WEcelebrated Teachers Day on
Wednesday but we must not forget the special breed of “sports teachers” from
the 1960s, 1970s and 1980s who acted as talent scouts, coaches, councillors and
They had the heart and soul for sports and did their share for development.
They didn’t receive remunerations, but gave time, money and
passion to groom thousands of future national athletes and icons.
The Ministry of Education (MOE) should set up a Hall of Fame for
There are various reasons why teachers of late have been blamed
for not having the same commitment for sports.
Among them are lack of rewards, schools not interested in sports,
education taking precedence, teachers concentrating on tuition and diminishing
number of school fields.
In all fairness MOE, especially the sports division headed by Dr
Mehander Singh, are doing their best to make sports relevant in the education
Under high performance schools, 2,061 coaches and 37,339 athletes
are involved in 860 district training centres which involves eight core sports
— football, hockey, gymnastics (artistic and rhythmic), sepak takraw,
athletics, archery, bowling and badminton.
Then there are development programmes in the form of league and
circuit for football, athletics, hockey and netball.
These involved 1,425 students.
The cream of potential athletes surface from the Malaysian School
Sports Council (MMSM) sports calendar which involves 24 sports.
It involves Under-12, Under-15 and Under-18 boys and girls where
805,088 compete at district level, 100,636 at state level and 12,154 at
Top athletes from MSSM are then selected for Asean, Asian and
world age group tournaments.
But the bulk of athletes come from the two sports schools.
It was different back in the day.
I benefited from a dedicated school teacher, Master Kirubakaran
Rokk, who was my football coach at St John’s Institution.
He taught civics, but his passion for football was overflowing.
Having attained his coaching badge from the Dave McLaren coaching
programme for teachers in the early 1970s, Rokk was determined to see the
school team win the Selangor Schools football title.
He formed a squad a year before the championship when we were in
Form Four and trained three times a week and during school holidays.
At the end of 1974, just before we broke camp in December, Rokk
requested 10 dollars (then it was dollars) from each of us.
It was difficult times and to ask your parents for that sum, could
only incur their wrath.
Many of us did odd jobs including pulling out “bull grass” from
the school field and were paid about three dollars for a half day work by
Brother Director Joseph Yeoh.
I also “picked tennis balls” at Selangor Club to earn a few more
We then handed Master Rokk the 10 dollars.
On the first day of our 1975 school assembly, all the football
players were called onto the stage and presented with a white track-top with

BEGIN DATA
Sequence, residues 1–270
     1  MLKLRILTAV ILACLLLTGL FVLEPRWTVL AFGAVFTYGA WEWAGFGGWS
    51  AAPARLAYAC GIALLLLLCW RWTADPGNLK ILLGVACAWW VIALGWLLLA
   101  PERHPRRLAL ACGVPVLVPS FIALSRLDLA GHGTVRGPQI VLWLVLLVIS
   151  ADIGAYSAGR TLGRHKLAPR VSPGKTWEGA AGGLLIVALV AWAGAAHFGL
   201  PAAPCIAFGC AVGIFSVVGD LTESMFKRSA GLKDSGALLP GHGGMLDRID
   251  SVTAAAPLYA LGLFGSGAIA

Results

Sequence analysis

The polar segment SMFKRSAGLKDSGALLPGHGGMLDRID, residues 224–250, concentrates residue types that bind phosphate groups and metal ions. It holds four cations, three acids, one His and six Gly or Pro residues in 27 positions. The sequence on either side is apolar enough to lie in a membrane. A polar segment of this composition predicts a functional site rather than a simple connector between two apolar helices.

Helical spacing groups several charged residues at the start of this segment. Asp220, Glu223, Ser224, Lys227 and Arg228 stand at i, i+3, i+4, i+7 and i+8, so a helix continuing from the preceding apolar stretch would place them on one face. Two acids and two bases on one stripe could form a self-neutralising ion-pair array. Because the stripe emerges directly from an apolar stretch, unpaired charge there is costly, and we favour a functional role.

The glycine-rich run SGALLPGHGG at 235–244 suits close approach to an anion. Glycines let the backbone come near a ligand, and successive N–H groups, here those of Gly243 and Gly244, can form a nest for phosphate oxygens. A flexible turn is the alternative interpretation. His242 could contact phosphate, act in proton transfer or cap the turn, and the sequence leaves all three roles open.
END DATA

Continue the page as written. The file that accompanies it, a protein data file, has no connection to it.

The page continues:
two green-stripes and the embossed school emblem sewn on.
Later we found out Master Rokk had sourced for funds from his
friends and had the track top stitched.
It was the proudest moment for many of us and the team pledged we
would win the title which the school last won 10 years earlier.
After emerging Datuk Keramat District champions, we travelled the
length and breadth of Selangor before reaching the final to meet defending
champions and favourites La Salle PJ coached by Bernard Khoo.
We played the final at Merdeka Stadium and we won by a solitary
goal from our top striker Stephen Chiam.
The memory still brings tears during my regular meet ups with
goalkeeper Mazlan Maaruf, strikers Husin Haron, Annuar Che Wan, Francis Da
Silva and midfielders Burhanutheen Ahmed Mustafa and Richard Thor Kong Hock.
It is impossible to credit every one because there are those who
shy away from publicity, or work in remote places, while some are never
recognised because others take their glory.
Many names mentioned here might not ring a bell but they need to
Among them include Gerald Rozells, Bernard, Philip Adolphus, Rokk,
David Fernandez and Ahmad Shafie (football), Lionel Rajamoney, Michael Perry,
C. Ramanathan, T. Krishnan, Rennie Martin, A. Tripadi, S. Sivapragasam, Tan
Choo Mong, T. Thiruselvam, Marina Chin, N. Nadarajah (athletics), Brian
Foennader, Louis Rodriques, Vincent Fernandez, S. Sivapathsundram, Malek Khiew,
Teng Cheng Leong, Pritam Singh Sandhu, Gurdial Singh, Clifford Sequerah
(hockey), B. Rajakulasingham, Indran, B. Sathiasivam, R. Ratnasingam, Jimi Chai
(cricket), Aladad Khan (multiple sports), Mui Fatt Chai, Goh Yea Yen (badminton),
Wong Tong Poh (swimming), Phua Seng Tiong, Ung Ket Chow (rugby) and the list
A few weeks ago in Alor Star a Kedah Sports Personalities
Recognition night organised by former members of the Garuda Athletics Club and
they honoured several teachers.
Many of these teachers are still actively involved in coaching
despite being retired.
In recent times, there has been fair share of dedicated teachers
Among them are K. Sukumaran, P. Gansesmoorthy, C. Nadarajan, Md
Yazid Yahaya, Sidan Harun, Mat Jusoh Saat, Khairul Annuar Khairuddin
(football), S. Arunandy, Khoo Boon Keat, A. Vellurajan, K. Segeran Nair, Tan
Eng Hui, R. Magendran, Pritam Kaur, (athletics), S. Sasitheran, R. Vivekananda,
N. Ghananathan, K. Sunderasan, Tejar Singh, Yap Gark Soo, Mokhtar Baharuddin,
Durai Raj (hockey), Mazlan Ahmad (swimming), Guana Seagarn Sammuel, Yasmin
Othman, Nahar Desa, Madeline Parril, Khairul Mohtar, Anita Abdullah, Doris
Selvi Thomas, Mathialagan, Abdul Rahman Besar (bowling) to name a few.
To these sports teachers and the many more not mentioned, a
standing ovation and salute is in order.
The Hall of Fame for sports teachers is definitely long overdue.
TONY is a sports journalist with close
to four decades’ experience and is passionate about local sports. He can be